A (Black) History-Filled Night on November 23, 2020
If the NFL officiating careers of Referee Jerome Boger, umpire Barry Anderson, side judge Anthony Jeffries, line judge Carl Johnson, down judge Julian Mapp, field judge Dale Shaw and back judge Greg Steed had ended the night of November 23,2020, it would nonetheless go without further comment that these seven black veterans in stripes who paraded single file out of their dressing room at Raymond Jones stadium in Tampa, Florida had permanently set their cleats in historical cement to equate with Dr. Martin Luther King Jr.’s (Morehouse) becoming only the third African-American recipient of the Nobel Peace Prize (1964) and the February 11, 1990 release of freedom fighter Nelson Mandela from South Africa’s Reuben Island Prison after 27 years.
November 23 was a night to remember in the annals of American history but not solely for the refs. It might have been coincidental but the mixing which constituted the 50th birthday of Monday Night Football between the Los Angeles Rams and the Tampa Bucs brought some historical baggage with it.
In 1949, Grambling University running back / linebacker Paul “Tank” Younger was signed to a free agent contract by the Los Angeles Rams. He became the first player from a HBCU to be signed by an NFL team. He went on to play 10 seasons with both the Rams and the Pittsburgh Steelers. No Hall of Fame honor yet; however, forward advance to 1977 and the Tampa Bucs.
After a splendid career at Grambling and finishing fourth in Heisman balloting behind that year’s winner Earl Campbell, only one NFL team, the Tampa Bay Bucs, worked out and scouted the native of Zachery, Louisiana as a possible pick in the ’77 draft. Joe Gibbs, then Tampa’s offensive coordinator, recommended Williams be drafted as a QB in the 1978 draft. This represented the fulfillment of a dream for Williams’ head coach Eddie Robinson who wanted an HBCU player drafted as a quarterback and not relegated to another position. He had earlier attempt to groom another Grambling great, James “Shack” Harris from Monroe, Louisiana to be drafted as a quarterback by pro football and even hired coaching great Doug Porter to focus on Shack. He succeeded. Harris was drafted in the 8th round of the 1969 draft by the Buffalo Bills as a quarterback. Harris eventually ended up with the Los Angeles and was chosen by the late Coach Chuck Knox to start for the Rams, making “Shack” the first African-American quarterback to start for an NFL team ( the first “brother” from an HBCU (or anywhere else for that matter) drafted in pro football as a quarterback and in the first round was Eldridge Dickey of Tennessee State University who was picked up number uno by the Oakland Raiders in the 1968 draft. Despite a strong showing in training camp. Dickey was moved to wide receiver and never played a down at QB. The Raiders second draft pick that year was University of Alabama QB Kenny Stabler (any guess who got the QB job).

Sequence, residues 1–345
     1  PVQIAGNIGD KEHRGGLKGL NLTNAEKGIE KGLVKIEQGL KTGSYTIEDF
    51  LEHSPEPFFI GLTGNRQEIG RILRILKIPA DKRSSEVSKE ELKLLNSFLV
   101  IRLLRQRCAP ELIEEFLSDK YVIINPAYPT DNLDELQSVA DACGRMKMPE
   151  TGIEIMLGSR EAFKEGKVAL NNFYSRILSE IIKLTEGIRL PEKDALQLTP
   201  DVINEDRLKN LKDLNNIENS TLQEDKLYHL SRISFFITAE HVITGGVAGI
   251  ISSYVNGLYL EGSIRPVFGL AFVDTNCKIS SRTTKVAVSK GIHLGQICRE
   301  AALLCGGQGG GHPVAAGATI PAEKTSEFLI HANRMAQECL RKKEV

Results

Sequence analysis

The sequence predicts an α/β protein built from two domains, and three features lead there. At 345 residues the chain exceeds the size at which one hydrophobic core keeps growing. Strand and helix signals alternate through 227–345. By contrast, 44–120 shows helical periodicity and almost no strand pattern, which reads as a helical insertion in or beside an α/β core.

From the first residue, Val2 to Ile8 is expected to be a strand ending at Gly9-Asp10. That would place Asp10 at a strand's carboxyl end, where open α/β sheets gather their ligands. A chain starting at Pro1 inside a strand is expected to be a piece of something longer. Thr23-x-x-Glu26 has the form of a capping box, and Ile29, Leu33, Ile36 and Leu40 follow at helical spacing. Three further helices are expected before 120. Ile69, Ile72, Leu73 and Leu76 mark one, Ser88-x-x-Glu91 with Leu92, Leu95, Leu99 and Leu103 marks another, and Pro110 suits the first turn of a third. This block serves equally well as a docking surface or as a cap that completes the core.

Duly noted, the seven pioneering NFL referees on November 23 included three from HBCUs. Besides referee Boger (Morehouse), a 17-year veteran who wears # 23, there was line judge Mapp, a 12-year vet who wears # 10 and hails from Grambling and back judge Steed, an 18-year vet who wears #12 and is a graduate of Howard University. Of the 122 active NFL officials, 36 are Black. Of the 36, ten attended HBCUs.
Besides the three history-makers, the other seven are: 12-year veteran side judge Jimmy Buchanan (SC State) who wears #86, 25-year veteran side judge Boris Cheek (Morgan State) who wears #41, 18-year veteran umpire Roy Ellison (Savannah State) who wears #81, one-year veteran field and side judge Dominque Pender (Howard) who wears #114, 14-year veteran field judge Dyrol Prioleau (Johnson C. Smith) who wears #109, 11-year veteran Greg Yette (Howard) who wears #38, and 15-year veteran umpire Ruben Fowler (Huston-Tillotson) who wears #71. A brief further breakdown, two of the 10 are from the SIAC, five are from the MEAC, one from the CIAA, one from the SWAC and one independent school.
I would be remiss if I didn’t make one more observation surrounding Black athletic history night of the 23rd. Burl Toler Senior, the first Black NFL official ever from 1965, attended Lemoyne-Owen College in his hometown of Memphis before moving to the west coast. In 1965, he became the first Black game official in any North American pro sport. Johnny Grier, who attended the University of DC, became the NFL’s first Black referee in 1988.
An additional note, Michael (Mike) Carey, in 2008, became the first Black to referee a Super Bowl (Super Bowl XLII between the New England Patriots and New York Giants). Carey has since retired. he played college football as a running back for Santa Clara University. At the time of his retirement, Carey was one of the two senior referees in the NFL, along with Walt Coleman. Carey and his wife are also entrepreneurs and inventors in the ski and winter sports industry.
Last updated on November 29, 2020